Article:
December 2, 2005: Headlines: COS - Madagascar: Amanda Hildt served as a Peace Corps Volunteer in Madagascar

Peace Corps Online: Directory: Madagascar: Peace Corps Madagascar : The Peace Corps in Madagascar: December 2, 2005: Headlines: COS - Madagascar: Amanda Hildt served as a Peace Corps Volunteer in Madagascar

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Amanda Hildt served as a Peace Corps Volunteer in Madagascar

Amanda Hildt served as a Peace Corps Volunteer in Madagascar

For three months, Hildt said she lived with a host family in order to pick up the language. "It's like growing up all over again. The first things you learn in the language are 'I'm full' and 'I'm hungry,'" Hildt said. "Three months later, you're having political discussions."

Amanda Hildt served as a Peace Corps Volunteer in Madagascar

Tough love

University students volunteer for Peace Corps; overcome challenges to help others

Daniel Reinish, Cavalier Daily Staff Writer

A creatively designed curriculum may be able to bring diversity from the outside world to the students in the classroom, but some members of the University community have chosen to try this the other way around.


Hildt noted that she had very little previous experience in the local language.

"I knew how to say 'hello' and 'thank you,' and that's it," said Hildt, who volunteered in Madagascar from 2001 to 2002.

For three months, Hildt said she lived with a host family in order to pick up the language.

"It's like growing up all over again. The first things you learn in the language are 'I'm full' and 'I'm hungry,'" Hildt said. "Three months later, you're having political discussions."

Hildt said she became interested in the Peace Corps because she "had been in school my entire life, and I really wanted to do something for the world."

She added, "I couldn't handle going straight into a job and all the monotony in that."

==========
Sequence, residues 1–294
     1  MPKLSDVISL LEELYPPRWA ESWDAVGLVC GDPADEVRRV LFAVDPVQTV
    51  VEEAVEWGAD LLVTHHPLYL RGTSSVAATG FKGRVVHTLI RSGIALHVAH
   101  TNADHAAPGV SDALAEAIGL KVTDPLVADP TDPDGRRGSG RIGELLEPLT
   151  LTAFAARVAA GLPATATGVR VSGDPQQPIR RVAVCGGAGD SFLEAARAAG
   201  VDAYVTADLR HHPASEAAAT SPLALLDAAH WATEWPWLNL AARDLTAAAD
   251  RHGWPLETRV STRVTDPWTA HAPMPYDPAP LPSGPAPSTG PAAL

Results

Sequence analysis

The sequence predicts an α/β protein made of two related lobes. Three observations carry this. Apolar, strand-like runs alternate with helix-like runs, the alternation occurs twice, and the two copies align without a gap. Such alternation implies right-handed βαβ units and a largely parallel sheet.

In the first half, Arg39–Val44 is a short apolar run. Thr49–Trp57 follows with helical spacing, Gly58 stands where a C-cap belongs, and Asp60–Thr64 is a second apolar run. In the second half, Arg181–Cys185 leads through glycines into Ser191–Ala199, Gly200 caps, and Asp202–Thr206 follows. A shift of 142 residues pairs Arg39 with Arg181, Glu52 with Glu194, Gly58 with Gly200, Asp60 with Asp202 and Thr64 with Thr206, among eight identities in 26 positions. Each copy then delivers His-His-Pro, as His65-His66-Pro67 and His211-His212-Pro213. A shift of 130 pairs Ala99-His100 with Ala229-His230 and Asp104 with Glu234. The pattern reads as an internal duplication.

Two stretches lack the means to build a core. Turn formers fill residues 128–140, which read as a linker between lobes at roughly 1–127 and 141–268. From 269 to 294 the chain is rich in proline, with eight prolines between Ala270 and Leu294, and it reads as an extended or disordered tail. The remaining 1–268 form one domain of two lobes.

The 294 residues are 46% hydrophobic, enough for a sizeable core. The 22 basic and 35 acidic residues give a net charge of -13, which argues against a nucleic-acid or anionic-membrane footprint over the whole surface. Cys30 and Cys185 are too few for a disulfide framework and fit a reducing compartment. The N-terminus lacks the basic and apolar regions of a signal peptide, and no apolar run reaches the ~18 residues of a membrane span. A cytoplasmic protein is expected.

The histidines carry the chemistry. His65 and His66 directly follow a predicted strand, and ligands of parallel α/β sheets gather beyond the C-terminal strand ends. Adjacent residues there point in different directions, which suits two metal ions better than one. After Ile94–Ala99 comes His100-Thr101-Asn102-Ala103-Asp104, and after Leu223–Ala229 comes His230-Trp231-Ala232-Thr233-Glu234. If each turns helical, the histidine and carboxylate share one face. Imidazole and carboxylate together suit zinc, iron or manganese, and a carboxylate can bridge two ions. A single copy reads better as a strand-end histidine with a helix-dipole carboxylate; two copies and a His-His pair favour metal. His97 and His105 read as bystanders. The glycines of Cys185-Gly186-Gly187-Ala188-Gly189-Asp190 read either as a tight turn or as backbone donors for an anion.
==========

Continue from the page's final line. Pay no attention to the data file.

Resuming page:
Hildt lived within what she described as a sort of nature preserve inside a forest. Her hut had no running water, and she said she had to fetch it from a pond at the bottom of a hill.

And with nature comes animals. Hildt noted in particular that she was living in a lemur sanctuary.

"I had this romantic vision of lemurs stealing my food," Hildt said. "And they actually did!"

When not chasing chickens and lemurs out of her home, Hildt worked at her official assignment.

Hildt said her task in Madagascar dealt with developing and introducing methods to prevent slash and burn agriculture.

She noted, however, that while the people were particularly motivated, it was hard for them to accept some of the changes she was proposing -– even concepts as commonplace to Americans as compost.

"People would say, 'I have to feed my family,'" Hildt explained. "The slogan goes 'It's the toughest job you'll ever love,' but it gets into you."

Hildt found that the difficulties of teaching definitely came with rewards.

"Teaching is a really great way to learn so much about who you're teaching and the culture you're in," she said.

Hildt said she felt she was learning more from the people around her than they learned from her.

She said she was able to observe, for example, how the culture dealt with a large amount of death through a simple 24-hour custom of keeping the deceased company "so he doesn't feel alone while finding his ancestors."

Another challenge that had to be overcome was tools that were often less than ideal.

Hildt said the only tools available when building a model station to serve as an example to the villagers were a local version of a shovel and what she said was essentially a machete.

Even so, Hildt said she would often be laughing all day long.

"The simplest thing there can get a laugh, and that was really pleasant," she said.


Hildt's stay came to a more turbulent end than Schuster's. Hildt explained that because of unrest following an election in Madagascar, she was forced to evacuate.

"I don't like to think of that unfortunate end to an amazing experience," Hildt said. "I felt completely fulfilled and had that sense of purpose that people want to have in life at some point."

When this story was posted in November 2005, this was on the front page of PCOL:

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